A new web-series that takes you up close and personal with the (in)famous Lebanese Censorship Bureau.
MAMNOU3 means “forbidden” in Arabic. Add an exclamation mark and it’s the title of a groundbreaking new Lebanese web-series about the day-to-day inner workings of the country’s Censorship Bureau. The mockumentary, created by 22-year old investment banker Nadim Lahoud together with Samir Kassir Foundation’s Skeyes Centre for Media and Cultural Freedom, brings much-needed comic relief to a controversial topic.
While state censorship often makes headlines in Lebanon, usually when a movie or a book is banned, this series comes as a breath of fresh air by questioning the government institution itself.
“We have gone on the offensive and attacked the very institution of censorship. Previous campaigns have centered on reversing specific censorship decisions after they have taken place. These campaigns are invaluable, of course, but we want people to go deeper than just question specific rulings. Instead, by highlighting the absurdity of censorship as a whole, we want the Lebanese citizen to ask the following questions: By whom, why and by what authority is censorship carried out in the Lebanese State?” explains Lahoud.
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In any case, it is certainly interesting to meet the fictional characters of MAMNOU3! One officer at the Bureau would rather be working in IT; another still has acting aspirations whereas some of them have indeed found their true calling in joining the national moral compass. The Colonel in charge of running the department is a seemingly well meaning albeit quite clumsy and condescending authority figure who agrees to allow a performance of Jean Paul Sartre’s La Putain Respectueuse provided the author comes in person to present his request. “LOL moments” are guaranteed but the Lebanese public will at the same time have little trouble seeing the relevance of such scenes, as censorship in Lebanon has repeatedly demonstrated a unique tendency for absurdity.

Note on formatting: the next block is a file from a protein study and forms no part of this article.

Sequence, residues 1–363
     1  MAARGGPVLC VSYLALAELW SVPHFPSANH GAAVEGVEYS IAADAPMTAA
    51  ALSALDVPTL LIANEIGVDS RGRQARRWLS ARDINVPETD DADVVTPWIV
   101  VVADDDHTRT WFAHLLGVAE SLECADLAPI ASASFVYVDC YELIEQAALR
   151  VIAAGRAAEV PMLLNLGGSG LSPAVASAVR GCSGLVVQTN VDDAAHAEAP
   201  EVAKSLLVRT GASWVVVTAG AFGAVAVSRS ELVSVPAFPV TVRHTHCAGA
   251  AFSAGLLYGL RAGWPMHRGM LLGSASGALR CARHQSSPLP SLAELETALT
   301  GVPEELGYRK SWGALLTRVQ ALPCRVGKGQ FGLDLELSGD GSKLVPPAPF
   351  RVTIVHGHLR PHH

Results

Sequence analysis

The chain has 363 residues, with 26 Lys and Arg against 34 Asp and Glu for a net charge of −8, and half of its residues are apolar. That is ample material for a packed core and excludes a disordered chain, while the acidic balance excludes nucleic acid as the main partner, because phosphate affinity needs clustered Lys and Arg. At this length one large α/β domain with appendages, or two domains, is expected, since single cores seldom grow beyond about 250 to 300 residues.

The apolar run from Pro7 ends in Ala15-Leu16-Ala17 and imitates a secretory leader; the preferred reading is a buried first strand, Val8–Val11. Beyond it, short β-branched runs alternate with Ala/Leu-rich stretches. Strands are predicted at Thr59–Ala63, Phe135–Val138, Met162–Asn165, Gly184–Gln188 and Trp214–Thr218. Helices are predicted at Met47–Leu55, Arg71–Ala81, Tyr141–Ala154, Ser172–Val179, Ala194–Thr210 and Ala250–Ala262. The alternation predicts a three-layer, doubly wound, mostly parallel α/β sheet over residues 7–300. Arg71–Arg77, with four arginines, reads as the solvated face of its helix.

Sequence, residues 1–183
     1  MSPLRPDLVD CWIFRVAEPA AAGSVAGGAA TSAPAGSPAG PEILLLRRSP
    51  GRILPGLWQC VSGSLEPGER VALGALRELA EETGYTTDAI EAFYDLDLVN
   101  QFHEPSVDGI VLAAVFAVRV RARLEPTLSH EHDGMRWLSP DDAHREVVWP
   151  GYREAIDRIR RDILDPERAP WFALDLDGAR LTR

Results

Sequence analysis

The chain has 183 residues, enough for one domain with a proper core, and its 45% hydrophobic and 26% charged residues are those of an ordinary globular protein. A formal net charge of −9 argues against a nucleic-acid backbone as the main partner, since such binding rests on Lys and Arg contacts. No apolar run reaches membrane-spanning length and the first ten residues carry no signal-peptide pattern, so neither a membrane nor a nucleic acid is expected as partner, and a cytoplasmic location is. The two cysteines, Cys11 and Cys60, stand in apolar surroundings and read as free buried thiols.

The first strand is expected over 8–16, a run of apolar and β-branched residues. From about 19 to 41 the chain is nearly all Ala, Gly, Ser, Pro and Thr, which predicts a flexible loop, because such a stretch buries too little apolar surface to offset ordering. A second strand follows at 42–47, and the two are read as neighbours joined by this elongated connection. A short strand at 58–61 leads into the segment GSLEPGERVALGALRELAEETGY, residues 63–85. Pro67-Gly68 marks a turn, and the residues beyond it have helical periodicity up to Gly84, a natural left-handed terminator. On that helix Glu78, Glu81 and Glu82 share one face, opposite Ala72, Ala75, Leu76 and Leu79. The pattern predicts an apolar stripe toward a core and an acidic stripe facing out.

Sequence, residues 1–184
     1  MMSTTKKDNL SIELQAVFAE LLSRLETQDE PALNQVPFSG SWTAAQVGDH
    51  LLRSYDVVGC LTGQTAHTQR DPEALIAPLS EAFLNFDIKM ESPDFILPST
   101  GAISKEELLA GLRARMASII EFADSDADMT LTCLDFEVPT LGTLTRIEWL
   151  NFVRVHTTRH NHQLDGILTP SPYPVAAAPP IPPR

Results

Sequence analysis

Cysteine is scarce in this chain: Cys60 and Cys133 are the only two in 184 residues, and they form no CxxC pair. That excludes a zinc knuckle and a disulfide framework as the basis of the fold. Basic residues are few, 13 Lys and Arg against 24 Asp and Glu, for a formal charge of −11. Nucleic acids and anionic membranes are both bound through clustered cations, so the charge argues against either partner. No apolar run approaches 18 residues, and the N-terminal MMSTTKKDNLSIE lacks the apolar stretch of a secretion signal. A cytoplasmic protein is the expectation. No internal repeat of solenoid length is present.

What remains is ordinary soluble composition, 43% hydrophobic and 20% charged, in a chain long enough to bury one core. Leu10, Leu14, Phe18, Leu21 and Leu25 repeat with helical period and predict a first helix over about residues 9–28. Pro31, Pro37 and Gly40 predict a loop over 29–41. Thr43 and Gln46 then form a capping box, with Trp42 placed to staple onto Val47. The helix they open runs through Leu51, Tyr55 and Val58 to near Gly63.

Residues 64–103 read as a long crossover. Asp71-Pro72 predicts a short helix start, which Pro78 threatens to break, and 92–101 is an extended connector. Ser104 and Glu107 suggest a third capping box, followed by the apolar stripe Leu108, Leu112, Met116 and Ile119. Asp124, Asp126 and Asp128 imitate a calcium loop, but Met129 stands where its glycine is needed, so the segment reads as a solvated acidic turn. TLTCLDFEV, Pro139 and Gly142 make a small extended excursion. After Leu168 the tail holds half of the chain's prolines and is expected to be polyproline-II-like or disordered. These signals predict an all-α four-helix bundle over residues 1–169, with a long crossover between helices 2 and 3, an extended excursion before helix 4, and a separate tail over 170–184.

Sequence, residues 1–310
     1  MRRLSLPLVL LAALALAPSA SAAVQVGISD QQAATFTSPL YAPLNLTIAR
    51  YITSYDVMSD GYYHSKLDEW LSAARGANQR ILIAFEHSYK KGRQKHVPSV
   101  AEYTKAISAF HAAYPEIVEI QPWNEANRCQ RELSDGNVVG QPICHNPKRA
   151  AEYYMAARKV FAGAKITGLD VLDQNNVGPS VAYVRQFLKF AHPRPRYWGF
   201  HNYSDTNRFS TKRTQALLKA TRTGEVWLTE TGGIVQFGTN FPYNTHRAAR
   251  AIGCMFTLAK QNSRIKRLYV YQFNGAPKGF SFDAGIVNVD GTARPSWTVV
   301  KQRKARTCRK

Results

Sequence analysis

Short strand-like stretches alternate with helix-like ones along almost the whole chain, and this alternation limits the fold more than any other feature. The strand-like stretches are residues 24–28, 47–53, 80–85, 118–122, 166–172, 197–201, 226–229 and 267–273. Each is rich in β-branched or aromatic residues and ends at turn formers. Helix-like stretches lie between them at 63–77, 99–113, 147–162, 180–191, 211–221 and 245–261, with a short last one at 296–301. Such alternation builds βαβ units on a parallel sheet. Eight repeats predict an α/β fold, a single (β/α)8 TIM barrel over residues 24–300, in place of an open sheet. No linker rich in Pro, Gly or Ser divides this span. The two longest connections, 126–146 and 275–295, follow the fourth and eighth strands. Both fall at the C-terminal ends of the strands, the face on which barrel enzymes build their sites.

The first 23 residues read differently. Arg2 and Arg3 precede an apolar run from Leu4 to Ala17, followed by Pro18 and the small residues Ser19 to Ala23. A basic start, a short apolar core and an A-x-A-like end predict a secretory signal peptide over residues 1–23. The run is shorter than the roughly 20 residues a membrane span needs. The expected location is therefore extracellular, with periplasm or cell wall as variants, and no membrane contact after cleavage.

The real Lebanese Censorship Bureau often seems to function completely arbitrarily, banning the movie Beirut Hotel because the plot mentions the assassination of former Prime Minister Rafik Hariri, or cutting scenes from the movie Tannoura Maxi, deemed offensive by the Church, after the movie’s initial theater release.
When asked if the series will also tackle the role of religious figures in censoring freedom of expression, Lahoud promised MAMNOU3! will not disappoint, pointing out that “Lebanon’s censorship authorities routinely act at the behest of religious or political authorities that have absolutely no democratic accountability”.
It would be interesting to get feedback from the actual Censorship Bureau on the web-series that’s making the department even more (in)famous. Lahoud simply hopes that “they recognize how absurd their very presence has become; thousands of their compatriots are now coming to that conclusion every day.” To be continued then…
Meanwhile, you can catch the series on http://mamnou3.com/ (English subtitles).